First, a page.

1.00
1.35
1.00
1.43
1.00
Comparison (cont.)

Viterbi’s History Unit comparison
V1
V2
Balsa
Uncle
CD/NB
Uncle
CD
transistors
21819
16471
16425
*
1.33
1.00
1.00
cyc. time (ns)
10.8
6.8
8.4
*
1.60
1.00
1.25
energy (pJ)
1.34
1.17
1.07
*
1.26
1.09
1.00
cyc. time (ns)
230.7
161.3
192.0
*
1.43
1.00
1.19
energy (pJ)
2.54
19.6
18.7
*
1.36
1.05
1.00
Comparison (cont.)

Viterbi comparison between Balsa and
Uncle
transistors
*
cyc. time (ns)
energy (pJ)
Balsa
Uncle
(DD/NB/
LB+)
Balsa
Uncle
(DD/NB/
LB+)
Balsa
Uncle
(DD/NB/
LB+)
71370
46752
22.0
17.3
15.0
10.5
1.53
1.00
1.27
1.00
1.43
1.00
The Uncle decoder uses the DD/NB/LB+ PMU RTL
Comparison (cont.)
Balsa
Uncle
Combinational
synthesis
Yes
Yes
Control synthesis
Yes
Data-driven only
Logic Style
Different dual-rail styles, NCL only
bundled data
Behavioral
simulation
Yes
Limited
Area
optimizations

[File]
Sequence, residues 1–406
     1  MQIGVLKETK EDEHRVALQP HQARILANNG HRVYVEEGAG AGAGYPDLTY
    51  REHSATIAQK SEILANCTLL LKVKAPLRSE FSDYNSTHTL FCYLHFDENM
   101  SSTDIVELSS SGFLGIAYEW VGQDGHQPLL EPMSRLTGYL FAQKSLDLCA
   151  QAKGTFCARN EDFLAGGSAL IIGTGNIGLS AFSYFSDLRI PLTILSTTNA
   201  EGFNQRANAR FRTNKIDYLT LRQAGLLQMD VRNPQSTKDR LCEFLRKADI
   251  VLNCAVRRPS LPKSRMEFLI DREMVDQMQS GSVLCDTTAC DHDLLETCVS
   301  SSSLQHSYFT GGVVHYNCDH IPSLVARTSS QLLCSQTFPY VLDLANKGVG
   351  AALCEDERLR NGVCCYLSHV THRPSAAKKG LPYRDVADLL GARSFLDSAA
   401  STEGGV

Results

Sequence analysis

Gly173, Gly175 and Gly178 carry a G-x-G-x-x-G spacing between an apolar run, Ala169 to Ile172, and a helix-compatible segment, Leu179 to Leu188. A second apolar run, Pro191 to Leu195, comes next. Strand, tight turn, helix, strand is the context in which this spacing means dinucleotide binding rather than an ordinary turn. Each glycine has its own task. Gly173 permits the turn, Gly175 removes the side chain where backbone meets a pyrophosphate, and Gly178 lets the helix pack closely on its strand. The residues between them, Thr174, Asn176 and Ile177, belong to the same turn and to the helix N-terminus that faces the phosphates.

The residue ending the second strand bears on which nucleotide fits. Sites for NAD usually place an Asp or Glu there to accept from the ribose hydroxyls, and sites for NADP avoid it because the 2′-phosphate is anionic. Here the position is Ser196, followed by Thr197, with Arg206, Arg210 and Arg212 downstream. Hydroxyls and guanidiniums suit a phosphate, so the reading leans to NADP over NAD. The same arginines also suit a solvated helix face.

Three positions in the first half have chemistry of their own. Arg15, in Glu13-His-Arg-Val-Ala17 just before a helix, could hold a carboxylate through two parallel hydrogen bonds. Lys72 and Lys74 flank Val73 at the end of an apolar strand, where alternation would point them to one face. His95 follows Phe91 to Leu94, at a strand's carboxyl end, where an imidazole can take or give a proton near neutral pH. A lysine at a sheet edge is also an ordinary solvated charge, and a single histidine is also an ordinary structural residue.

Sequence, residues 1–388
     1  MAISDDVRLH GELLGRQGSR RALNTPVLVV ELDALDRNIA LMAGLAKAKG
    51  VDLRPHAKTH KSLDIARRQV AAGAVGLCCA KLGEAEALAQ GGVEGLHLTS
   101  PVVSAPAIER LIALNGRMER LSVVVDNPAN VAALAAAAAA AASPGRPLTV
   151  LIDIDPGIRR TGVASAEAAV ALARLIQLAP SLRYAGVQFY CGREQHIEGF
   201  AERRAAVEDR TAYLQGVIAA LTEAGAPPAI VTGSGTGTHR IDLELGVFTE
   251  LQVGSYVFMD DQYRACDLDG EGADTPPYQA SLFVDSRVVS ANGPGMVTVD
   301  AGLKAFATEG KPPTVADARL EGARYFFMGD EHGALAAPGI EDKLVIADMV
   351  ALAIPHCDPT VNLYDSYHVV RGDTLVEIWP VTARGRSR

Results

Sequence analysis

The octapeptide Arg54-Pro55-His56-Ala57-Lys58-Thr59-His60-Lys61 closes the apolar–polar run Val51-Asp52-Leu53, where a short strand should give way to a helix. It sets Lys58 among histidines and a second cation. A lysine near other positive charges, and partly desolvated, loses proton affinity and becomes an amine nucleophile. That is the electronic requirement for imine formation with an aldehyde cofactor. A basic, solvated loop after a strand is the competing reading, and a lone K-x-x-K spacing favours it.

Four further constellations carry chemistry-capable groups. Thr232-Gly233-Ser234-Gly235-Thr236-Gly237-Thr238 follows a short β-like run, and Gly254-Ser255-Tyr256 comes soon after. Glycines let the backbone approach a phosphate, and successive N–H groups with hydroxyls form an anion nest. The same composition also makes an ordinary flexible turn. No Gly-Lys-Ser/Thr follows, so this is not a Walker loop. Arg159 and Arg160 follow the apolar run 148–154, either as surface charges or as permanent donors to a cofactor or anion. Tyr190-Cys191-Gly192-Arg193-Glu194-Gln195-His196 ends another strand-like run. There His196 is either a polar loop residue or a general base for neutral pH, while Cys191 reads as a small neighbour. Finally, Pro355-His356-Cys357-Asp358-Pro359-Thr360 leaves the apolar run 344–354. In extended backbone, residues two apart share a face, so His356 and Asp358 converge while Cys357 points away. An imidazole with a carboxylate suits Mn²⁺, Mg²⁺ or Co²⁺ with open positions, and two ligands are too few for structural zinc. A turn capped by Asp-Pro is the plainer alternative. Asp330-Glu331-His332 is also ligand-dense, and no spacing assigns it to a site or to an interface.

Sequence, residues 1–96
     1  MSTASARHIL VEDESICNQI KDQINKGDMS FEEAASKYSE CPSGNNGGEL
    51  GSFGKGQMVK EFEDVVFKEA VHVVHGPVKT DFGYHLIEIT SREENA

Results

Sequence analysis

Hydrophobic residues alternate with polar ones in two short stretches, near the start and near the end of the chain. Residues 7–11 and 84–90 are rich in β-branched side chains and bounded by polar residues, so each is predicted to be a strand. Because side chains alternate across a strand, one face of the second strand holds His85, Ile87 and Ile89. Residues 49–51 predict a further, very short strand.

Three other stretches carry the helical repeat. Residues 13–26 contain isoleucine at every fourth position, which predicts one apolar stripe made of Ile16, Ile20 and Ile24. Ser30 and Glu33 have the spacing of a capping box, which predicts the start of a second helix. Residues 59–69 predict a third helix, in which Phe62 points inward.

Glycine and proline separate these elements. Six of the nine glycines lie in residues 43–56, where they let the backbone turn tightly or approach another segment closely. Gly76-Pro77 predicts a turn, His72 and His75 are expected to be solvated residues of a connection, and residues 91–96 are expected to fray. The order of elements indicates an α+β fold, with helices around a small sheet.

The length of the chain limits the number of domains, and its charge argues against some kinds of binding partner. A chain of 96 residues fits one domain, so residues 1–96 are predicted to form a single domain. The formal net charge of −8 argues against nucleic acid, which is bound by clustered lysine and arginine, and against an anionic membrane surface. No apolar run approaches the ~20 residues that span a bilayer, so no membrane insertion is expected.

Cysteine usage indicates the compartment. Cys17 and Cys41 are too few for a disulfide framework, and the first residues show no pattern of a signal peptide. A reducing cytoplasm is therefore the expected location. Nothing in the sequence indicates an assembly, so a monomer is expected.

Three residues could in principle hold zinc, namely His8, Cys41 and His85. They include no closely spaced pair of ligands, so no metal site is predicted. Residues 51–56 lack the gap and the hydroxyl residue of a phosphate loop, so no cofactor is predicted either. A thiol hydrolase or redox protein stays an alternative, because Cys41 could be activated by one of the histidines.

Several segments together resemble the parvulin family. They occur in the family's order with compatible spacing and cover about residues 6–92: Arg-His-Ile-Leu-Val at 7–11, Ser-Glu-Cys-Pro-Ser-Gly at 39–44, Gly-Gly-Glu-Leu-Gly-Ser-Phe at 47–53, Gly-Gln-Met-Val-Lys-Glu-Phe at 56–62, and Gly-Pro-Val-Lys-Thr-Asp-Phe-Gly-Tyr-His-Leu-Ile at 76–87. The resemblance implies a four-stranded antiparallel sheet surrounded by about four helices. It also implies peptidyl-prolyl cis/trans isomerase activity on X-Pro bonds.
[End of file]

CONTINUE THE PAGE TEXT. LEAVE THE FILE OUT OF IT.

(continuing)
No
Relaxation, limited cell
merging, ack sharing
Area
optimizations
Relaxation, limited cell
merging, ack sharing
RTL style allow area/perf.
net buffering
Timing model
Fixed delay
NLDM
Conclusion
Requires more effort by the designer than
Balsa, But can have a higher quality design
 If performance of the always active
module is our goal, data-driven style
would be better
 Control-driven style better for modules
with conditional port activity.

Appendix : Teak
Teak is a successor toolset to Balsa that
uses a data-driven style
 One of Teak’s goals is to automatically
insert latch stages and balance delays for
optimum throughput.
 Teak is a fairly new tool with only one
public release

Reference
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
Uncle – An RTL Approach to Asynchronous Design
ASYNC12 powerpoint about Uncle – An RTL Approach
To Asynchronous Design
Design of Asynchronous Circuits Using Synchronous